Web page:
We adopted ASU 2016-02 and the subsequently issued ASUs identified above on January 1, 2019 using the additional modified retrospective transition method in accordance with ASU 2018-11, which includes a cumulative catch-up in retained earnings on the initial date of adoption (i.e., the initial date of adoption method). The adoption of the new lease standard did not have any impact on our retained earnings. At January 1, 2019, we recognized Operating Right-of-Use (“ROU”) Assets and Operating Lease Liabilities of $20.9 million on our Unaudited Condensed Consolidated Balance Sheets. As a result of adopting the standard, we added certain internal controls to our control framework and ensured that these controls were designed and operating as part of

7



the implementation process. See Note 15 to the Company’s financial statements for the additional expanded disclosures required by the new standard.

In August 2018, the SEC issued SEC Final Rule 33-10532, Disclosure Update and Simplification, which revised or eliminated certain of the SEC’s disclosure requirements that have become redundant, duplicative, overlapping, outdated, or superseded in light of other SEC and or GAAP disclosure requirements. As a result of the final rule’s amendments, the SEC now requires a registrant to reconcile its changes in stockholders' equity for both the current and comparative interim and year-to-date periods, with subtotals. This final rule was effective on November 5, 2018. Our Condensed Consolidated Statements of Stockholders’ Equity for the three and six months ended June 30, 2019 and 2018 reflect adoption of this final rule.
Impact of New Accounting Standards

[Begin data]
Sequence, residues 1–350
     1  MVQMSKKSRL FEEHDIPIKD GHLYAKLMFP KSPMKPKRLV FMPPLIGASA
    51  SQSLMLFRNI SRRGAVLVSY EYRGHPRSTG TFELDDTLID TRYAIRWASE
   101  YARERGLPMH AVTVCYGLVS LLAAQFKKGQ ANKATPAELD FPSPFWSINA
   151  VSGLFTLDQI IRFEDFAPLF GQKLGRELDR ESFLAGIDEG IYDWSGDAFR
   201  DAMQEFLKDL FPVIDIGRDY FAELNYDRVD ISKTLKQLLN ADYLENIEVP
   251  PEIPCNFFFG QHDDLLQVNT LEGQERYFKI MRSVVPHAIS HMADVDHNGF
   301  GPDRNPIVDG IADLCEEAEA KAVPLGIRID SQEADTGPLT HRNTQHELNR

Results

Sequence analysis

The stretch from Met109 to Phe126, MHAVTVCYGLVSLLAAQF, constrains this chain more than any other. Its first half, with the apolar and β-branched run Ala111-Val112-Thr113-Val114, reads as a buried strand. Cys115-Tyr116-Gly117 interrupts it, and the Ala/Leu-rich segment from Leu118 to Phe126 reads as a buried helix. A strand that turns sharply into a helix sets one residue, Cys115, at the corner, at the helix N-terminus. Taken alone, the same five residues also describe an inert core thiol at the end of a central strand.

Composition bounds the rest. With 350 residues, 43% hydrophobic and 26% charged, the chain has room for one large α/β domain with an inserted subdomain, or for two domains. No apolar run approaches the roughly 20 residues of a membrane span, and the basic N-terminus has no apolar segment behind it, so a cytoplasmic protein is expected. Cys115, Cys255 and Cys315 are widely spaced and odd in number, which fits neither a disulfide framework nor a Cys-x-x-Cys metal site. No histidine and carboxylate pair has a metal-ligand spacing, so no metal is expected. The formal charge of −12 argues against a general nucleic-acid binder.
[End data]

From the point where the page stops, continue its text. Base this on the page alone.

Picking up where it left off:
In June 2016, the FASB issued ASU No. 2016-13, Financial Instruments - Credit Losses (Topic 326): Measurement of Credit Losses on Financial Instruments (“ASU 2016-13”). ASU 2016-13 replaces the current incurred loss impairment methodology with a methodology that reflects expected credit losses and requires consideration of a broader range of reasonable and supportable information to estimate credit losses. ASU 2016-13 is effective for our fiscal year beginning January 1, 2020. We are currently evaluating the impact that the adoption of ASU 2016-13 may have on our consolidated financial statements and disclosures. Subsequent to the issuance of ASU 2016-13, the FASB issued ASU No. 2018-19, Codification Improvements to Topic 326, Financial Instruments -Credit Losses (“ASU 2018-19”) in November 2018, ASU No. 2019-04, Codification Improvements to Topic 326, Financial Instruments-Credit Losses, Topic 815, Derivatives and Hedging, and Topic 825, Financial Instruments (“ASU 2019-04”), in April 2019, and ASU No. 2019-05, Financial Instruments -Credit Losses (Topic 326) Targeted Transition Relief (“ASU 2019-05”) in May 2019. These ASUs do not change the core principle of the guidance in ASU 2016-13. Instead these amendments are intended to clarify and improve operability of certain topics included within the credit losses standard. These ASUs will have the same effective date and transition requirements as ASU 2016-13.